EXAMPLE 3

Groups of 10 chickens were vaccinated intramuscularly with 0.5 ml of adjuvant mixture containing inactivated paramyxovirus (P3 G strain) (108 EID50 /ml). Blood samples were taken at 4 weeks after vaccination. Antibody titres in the serum were determined by means of the haemagglutination inhibition test (HAR); the results are summarized in table 3.

              TABLE 3______________________________________                      Antibody                      response (HAR)                      4 weeks afterGroup Adjuvant             vaccination______________________________________1     none                  0.3 ± 1.0.sup.a2     Carbopol 941.sup.b   2.8 ± 2.23     Carbopol 941.sup.b + Pluronic L 101.sup.c                      5.6 ± 1.04     Pluronic L 101.sup.c 0 ± 05     Carbopol 940.sup.b   2.4 ± 2.06     Carbopol 940.sup.b + Pluronic L 101.sup.c                      5.5 ± 1.3______________________________________ .sup.a mean HAR titre (.sup.2 log) with standard deviation .sup.b 0.075% w/v .sup.c 4.8% w/v
EXAMPLE 4

Groups of ten mice each were vaccinated intramuscularly with various dilutions of adjuvant containing inactivated PRV (108.0 TCID50 /ml). The mice were challenged 4 weeks after vaccination with virulent PRV (Phylaxia strain). The 50% protective doses were determined for the various adjuvants compositions as indicated in table 4.

              TABLE 4______________________________________Group       Adjuvant     PD.sub.50 (μl)______________________________________1           mineral oil  24.32           Pluronic T 1501.sup.a                    4.03           Carbopol 934.sup.b                    9.24           Carbopol 934.sup.b +                    5.3       Pluronic T 1501.sup.a______________________________________ .sup.a 2.4% w/v .sup.b 0.15% w/v
EXAMPLE 5

Groups of 7 or 8 pigs were vaccinated with inactivated PRV. The antibody response of the pigs 3 weeks after vaccination was determined by virus neutralization (VN) tests. The 50% protective dose of the various formulations was determined in mice as described in Example 4. The results are summarized in table 5.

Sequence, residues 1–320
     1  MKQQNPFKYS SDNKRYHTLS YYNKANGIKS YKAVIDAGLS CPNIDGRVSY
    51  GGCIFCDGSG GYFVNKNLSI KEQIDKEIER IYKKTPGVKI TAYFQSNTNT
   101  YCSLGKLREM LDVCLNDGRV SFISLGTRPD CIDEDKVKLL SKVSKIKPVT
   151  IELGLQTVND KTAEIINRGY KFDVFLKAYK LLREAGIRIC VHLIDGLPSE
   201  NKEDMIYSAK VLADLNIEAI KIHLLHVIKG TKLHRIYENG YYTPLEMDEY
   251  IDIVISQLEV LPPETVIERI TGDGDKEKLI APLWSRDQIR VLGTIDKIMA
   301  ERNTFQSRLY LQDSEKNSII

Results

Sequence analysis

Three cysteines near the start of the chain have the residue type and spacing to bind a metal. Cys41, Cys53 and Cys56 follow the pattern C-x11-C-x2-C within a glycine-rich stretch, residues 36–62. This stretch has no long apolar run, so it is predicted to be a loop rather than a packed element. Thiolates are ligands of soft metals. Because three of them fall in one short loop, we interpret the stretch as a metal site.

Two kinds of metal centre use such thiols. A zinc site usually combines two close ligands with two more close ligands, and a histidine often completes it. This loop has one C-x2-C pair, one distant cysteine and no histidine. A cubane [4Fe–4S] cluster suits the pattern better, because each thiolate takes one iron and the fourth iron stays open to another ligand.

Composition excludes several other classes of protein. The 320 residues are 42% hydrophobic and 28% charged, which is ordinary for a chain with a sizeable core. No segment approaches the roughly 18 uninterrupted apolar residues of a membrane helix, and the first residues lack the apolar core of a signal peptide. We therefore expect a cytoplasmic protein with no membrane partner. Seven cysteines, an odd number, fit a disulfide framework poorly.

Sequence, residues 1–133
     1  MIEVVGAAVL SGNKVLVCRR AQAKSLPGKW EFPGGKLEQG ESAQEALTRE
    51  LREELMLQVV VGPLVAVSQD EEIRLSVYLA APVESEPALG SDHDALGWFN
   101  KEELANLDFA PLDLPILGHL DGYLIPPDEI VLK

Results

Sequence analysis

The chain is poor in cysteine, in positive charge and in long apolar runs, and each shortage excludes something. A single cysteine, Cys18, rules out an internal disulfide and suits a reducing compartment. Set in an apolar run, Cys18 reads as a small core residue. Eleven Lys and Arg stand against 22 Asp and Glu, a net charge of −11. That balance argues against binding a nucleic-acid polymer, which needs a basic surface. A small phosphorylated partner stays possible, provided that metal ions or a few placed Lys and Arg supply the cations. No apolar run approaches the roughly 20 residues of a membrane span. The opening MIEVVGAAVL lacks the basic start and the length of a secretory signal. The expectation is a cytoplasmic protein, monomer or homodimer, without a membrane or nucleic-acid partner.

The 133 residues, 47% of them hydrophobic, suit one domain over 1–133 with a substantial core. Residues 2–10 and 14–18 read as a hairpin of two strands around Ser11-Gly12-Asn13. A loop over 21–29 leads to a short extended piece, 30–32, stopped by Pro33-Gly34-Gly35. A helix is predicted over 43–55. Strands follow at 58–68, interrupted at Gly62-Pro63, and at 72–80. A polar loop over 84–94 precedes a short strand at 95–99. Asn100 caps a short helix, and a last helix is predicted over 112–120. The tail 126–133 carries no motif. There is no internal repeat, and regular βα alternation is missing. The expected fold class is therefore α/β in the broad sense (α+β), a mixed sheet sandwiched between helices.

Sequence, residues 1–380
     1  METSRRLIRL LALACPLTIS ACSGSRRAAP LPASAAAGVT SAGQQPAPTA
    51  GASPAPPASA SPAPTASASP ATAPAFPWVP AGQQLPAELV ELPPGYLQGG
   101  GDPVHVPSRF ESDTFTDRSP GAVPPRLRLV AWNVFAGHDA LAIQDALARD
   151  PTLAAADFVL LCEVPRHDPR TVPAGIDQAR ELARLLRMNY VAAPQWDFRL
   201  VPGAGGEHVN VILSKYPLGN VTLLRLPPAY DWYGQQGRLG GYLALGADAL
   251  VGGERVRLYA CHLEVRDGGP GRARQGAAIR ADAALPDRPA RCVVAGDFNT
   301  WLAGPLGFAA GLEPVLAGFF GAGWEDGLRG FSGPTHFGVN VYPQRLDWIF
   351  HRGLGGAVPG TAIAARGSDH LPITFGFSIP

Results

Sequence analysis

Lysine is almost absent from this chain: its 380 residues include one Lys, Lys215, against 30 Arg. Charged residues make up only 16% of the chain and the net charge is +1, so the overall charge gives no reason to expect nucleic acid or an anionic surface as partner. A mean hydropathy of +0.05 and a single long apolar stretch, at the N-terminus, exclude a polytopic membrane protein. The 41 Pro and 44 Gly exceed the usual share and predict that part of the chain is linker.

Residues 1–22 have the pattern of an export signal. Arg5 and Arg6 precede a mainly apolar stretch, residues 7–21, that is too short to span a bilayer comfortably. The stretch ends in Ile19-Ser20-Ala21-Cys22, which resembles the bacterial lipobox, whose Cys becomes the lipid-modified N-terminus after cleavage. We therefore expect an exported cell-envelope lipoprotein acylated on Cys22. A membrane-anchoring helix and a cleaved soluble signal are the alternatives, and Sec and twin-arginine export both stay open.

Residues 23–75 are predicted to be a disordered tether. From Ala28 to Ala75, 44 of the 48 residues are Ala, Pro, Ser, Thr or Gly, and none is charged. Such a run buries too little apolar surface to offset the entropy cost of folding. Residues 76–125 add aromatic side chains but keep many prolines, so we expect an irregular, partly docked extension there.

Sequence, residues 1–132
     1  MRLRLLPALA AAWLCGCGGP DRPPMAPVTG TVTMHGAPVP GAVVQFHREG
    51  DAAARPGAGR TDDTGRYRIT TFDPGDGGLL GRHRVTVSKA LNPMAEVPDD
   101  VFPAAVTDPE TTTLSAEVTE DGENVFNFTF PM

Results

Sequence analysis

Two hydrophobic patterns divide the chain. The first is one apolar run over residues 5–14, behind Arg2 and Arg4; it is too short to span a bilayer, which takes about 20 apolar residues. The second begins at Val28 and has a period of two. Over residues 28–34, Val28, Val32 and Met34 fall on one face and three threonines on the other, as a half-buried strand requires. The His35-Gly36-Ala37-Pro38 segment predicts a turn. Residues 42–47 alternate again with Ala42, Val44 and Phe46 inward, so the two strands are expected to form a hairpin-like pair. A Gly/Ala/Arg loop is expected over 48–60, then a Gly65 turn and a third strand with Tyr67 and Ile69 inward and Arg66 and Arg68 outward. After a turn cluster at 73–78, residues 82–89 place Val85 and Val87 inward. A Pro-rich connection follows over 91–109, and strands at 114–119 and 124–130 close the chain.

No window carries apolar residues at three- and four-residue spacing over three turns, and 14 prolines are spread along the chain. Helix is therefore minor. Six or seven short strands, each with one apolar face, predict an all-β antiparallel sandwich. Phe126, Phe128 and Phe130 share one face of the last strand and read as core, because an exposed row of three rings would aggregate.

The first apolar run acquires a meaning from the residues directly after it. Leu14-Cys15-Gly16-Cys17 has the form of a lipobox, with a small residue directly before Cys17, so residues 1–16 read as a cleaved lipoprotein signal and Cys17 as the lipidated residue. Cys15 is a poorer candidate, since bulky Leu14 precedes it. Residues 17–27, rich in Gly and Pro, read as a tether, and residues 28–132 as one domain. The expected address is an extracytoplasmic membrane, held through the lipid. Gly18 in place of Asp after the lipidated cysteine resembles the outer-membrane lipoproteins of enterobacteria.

TABLE 5______________________________________                           VN titre (.sup.2 log)                PD.sub.50 (μl)                           with standardGroup  Adjuvant      (mice)     deviation (pigs)______________________________________1      Carbopol 910.sup.a                48.5       5.1 ± 2.42      Pluronic T 1501.sup.b                55.7       4.0 ± 2.33      Carbopol 934.sup.a +                33.0       5.5 ± 2.4  Pluronic T 1501.sup.b______________________________________ .sup.a 0.5% w/v .sup.b 2.4% w/v
EXAMPLE 6

Analogous to the previous examples pigs were vaccinated against Escherichia coli pilus antigens with various vaccine compositions containing 55 μg K88ab antigen/ml. At 3 weeks post-vaccination the antibody response was measured by ELISA. The results are presented in table 6.

              TABLE 6______________________________________                   Antibody titre                   (.sup.2 log) withGroup     Adjuvant      standard deviation______________________________________1         Pluronic T 1501.sup.a                   8.0 ± 1.22         Carbopol 934.sup.b                   8.7 ± 1.03         Pluronic T 1501.sup.a +                   9.7 ± 1.8     Carbopol 934.sup.b______________________________________ .sup.a 2.4% w/v .sup.b 0.15% w/v

Claims (6)

What is claimed is:
1. Oil-free adjuvant mixture comprising an immunostimulatory amount of polyoxypropylene/polyoxyethylene polyols having HLB values less than or equal to 2, and at least one acrylic acid polymer wherein the ratio of polyols to acrylic acid polymer is from 160:1 to 5:1 on a weight basis.
2. Oil-free adjuvant mixture according to claim 1, comprising a cross-linked high molecular weight polymer or copolymer of acrylic acid.
3. Vaccine comprising an immunostimulatory amount of an oil-free adjuvant mixture according to claim 1 and immunogenic material.
4. Vaccine according to claim 3, comprising the adjuvant mixture in a quantity of about 1-30% based on the total weight of the vaccine.